In a recent legal development, the Biden administration, through the Department of Justice (DOJ), has urged a federal court to dismiss a lawsuit brought by the cannabis industry, aiming to challenge the enforcement of marijuana prohibition against state-legal activities. The administration’s legal argument is multifaceted, touching on the ongoing process of cannabis rescheduling, the lack of standing for the industry to pursue the challenge, and the constitutional basis for federal intervention in intrastate marijuana activities. This article delves into the complexities of this legal showdown and the implications it holds for the burgeoning cannabis industry.
The Department of Justice has petitioned a federal court to dismiss a lawsuit initiated by the cannabis industry, aiming to impede the enforcement of marijuana prohibition within state-legal activities. Citing a nuanced perspective, the Justice Department asserts that the court should refrain from preempting a potential decision regarding the rescheduling of cannabis currently under consideration.
In a formal submission to the U.S. District Court for the District of Massachusetts, Western Division, attorneys representing Attorney General Merrick Garland articulated that Congress, in its wisdom, established an administrative framework for the rescheduling of controlled substances. The Drug Enforcement Administration (DEA), as part of this structured mechanism, is presently evaluating a recommendation forwarded by the U.S. Department of Health and Human Services (HHS) advocating for the rescheduling of marijuana under the Controlled Substances Act (CSA).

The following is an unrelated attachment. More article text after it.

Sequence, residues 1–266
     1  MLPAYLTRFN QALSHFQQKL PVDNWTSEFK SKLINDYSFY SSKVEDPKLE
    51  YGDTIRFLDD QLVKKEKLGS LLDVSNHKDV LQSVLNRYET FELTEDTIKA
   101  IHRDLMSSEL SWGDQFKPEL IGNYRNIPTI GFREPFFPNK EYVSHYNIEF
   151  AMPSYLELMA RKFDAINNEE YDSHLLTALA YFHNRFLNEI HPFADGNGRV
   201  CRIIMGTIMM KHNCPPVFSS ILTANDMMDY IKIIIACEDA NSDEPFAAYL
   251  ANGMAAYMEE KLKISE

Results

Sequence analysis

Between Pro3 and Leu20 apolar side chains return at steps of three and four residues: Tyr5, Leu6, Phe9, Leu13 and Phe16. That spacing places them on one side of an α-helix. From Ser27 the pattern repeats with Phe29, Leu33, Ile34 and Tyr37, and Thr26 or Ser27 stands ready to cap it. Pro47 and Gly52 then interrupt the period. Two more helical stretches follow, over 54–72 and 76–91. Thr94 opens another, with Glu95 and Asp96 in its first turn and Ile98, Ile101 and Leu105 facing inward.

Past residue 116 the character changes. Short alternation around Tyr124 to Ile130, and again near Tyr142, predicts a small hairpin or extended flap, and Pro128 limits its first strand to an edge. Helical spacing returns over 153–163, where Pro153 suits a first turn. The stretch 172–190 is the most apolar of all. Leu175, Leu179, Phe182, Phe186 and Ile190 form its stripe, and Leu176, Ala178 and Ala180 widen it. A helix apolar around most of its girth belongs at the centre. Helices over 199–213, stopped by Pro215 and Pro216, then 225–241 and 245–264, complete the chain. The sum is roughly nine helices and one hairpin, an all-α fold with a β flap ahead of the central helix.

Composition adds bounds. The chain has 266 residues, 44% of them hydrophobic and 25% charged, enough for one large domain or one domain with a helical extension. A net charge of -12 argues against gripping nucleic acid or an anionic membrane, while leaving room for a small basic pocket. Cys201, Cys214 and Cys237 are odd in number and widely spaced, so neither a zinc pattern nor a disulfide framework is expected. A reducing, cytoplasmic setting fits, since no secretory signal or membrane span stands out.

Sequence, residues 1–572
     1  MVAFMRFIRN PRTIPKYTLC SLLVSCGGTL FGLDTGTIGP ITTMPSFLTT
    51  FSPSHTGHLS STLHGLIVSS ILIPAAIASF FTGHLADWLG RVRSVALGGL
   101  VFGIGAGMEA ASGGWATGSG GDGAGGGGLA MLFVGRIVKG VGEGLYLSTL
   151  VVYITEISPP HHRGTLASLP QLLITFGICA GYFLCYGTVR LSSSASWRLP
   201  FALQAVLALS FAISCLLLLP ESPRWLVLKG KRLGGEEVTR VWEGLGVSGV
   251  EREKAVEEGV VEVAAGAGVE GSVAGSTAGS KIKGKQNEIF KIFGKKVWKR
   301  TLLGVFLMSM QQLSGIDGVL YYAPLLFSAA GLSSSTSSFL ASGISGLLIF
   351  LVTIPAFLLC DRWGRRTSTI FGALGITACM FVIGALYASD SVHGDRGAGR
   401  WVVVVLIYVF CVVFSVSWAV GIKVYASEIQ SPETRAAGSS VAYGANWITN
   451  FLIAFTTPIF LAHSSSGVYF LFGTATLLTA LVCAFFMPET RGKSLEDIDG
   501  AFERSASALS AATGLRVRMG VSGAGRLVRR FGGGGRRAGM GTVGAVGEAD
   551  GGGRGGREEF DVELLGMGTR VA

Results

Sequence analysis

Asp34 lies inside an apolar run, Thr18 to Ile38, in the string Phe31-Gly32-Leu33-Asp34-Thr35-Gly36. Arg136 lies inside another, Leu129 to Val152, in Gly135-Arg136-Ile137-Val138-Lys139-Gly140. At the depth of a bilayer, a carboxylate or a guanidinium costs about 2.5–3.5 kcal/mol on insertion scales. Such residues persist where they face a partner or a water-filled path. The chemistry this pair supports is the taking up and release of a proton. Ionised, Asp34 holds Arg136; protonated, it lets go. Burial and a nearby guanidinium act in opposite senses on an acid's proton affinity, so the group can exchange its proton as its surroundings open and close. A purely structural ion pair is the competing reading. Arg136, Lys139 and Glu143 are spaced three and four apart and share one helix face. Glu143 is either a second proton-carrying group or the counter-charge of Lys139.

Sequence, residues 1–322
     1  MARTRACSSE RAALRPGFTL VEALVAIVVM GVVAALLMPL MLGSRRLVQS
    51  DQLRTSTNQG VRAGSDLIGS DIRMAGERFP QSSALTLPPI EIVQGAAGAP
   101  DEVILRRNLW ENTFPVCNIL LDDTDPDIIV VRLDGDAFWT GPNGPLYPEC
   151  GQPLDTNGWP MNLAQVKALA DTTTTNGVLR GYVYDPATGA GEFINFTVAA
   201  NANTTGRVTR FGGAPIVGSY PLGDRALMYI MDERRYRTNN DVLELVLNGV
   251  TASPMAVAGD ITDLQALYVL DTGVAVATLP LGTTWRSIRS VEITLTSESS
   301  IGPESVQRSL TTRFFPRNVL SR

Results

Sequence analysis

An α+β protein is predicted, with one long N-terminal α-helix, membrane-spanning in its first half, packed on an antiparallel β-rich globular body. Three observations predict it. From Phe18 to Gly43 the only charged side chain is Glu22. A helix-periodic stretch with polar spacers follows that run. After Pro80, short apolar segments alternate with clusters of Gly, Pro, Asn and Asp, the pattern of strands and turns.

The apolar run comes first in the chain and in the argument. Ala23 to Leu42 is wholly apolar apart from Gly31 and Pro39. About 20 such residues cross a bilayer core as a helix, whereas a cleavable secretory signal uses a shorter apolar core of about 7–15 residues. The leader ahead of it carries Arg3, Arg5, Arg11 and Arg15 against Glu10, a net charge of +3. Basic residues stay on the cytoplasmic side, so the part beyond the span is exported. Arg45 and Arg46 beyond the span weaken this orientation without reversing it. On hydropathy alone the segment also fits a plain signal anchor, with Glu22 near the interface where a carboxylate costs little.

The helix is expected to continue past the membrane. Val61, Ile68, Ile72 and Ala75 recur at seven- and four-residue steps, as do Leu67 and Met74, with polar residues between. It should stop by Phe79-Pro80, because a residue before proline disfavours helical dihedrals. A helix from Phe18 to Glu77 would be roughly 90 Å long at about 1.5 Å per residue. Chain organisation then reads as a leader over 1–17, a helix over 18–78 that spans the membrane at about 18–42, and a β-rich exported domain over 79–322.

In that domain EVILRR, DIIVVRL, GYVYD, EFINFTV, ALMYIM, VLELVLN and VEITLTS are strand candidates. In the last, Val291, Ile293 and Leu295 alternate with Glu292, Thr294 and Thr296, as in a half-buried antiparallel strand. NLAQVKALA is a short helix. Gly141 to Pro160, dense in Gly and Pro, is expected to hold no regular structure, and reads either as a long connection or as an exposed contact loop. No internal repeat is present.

Highlighting the importance of respecting this ongoing administrative process, the Department of Justice underscored that the courts should refrain from disrupting or preempting its trajectory. The submission emphasizes the commitment to allowing the DEA’s careful consideration of the HHS recommendation before any legal interventions transpire.
The Department of Justice (DOJ) has asserted that the cannabis businesses initiating the lawsuit lack the standing to pursue their challenge, emphasizing the absence of direct injury due to federal prosecution under prohibition policies. Notably, the DOJ underscores a decade-long congressional rider preventing the use of federal funds to intervene in state-legal medical cannabis laws.
While acknowledging that the Controlled Substances Act (CSA) initially served legitimate government purposes, the plaintiffs argue its irrationality. They contend that Congress’s allowance for federal territories to enact marijuana legalization laws, coupled with restrictions on the Department of Justice’s spending to impede state medical marijuana laws, has rendered the CSA illogical. In response, the DOJ posits that these legislative choices aim to foster state and local experimentation with marijuana laws while directing federal law enforcement resources towards activities significantly impacting federal interests.
The government asserts that a 2005 Supreme Court ruling, known as Raich, sets a precedent negating the plaintiffs’ argument regarding the Commerce Clause’s application to bans on interstate marijuana commerce. Describing the case as a “transparent entreaty to overrule” Raich, the DOJ contends that federal regulation of intrastate marijuana activities is constitutional, as these activities substantially affect interstate commerce.
Addressing the plaintiffs’ claims of substantive due process violations, the DOJ maintains that no fundamental right exists to distribute, possess, or use marijuana. Consequently, the CSA is subject only to deferential rational basis review, which the DOJ argues it easily withstands. The motion to dismiss underscores the necessity for plaintiffs to demonstrate a substantial risk of future enforcement in a pre-enforcement challenge. Contrary to this requirement, the plaintiffs allege the government’s policy is non-prosecution for conduct complying with state marijuana laws, thus lacking substantial risk.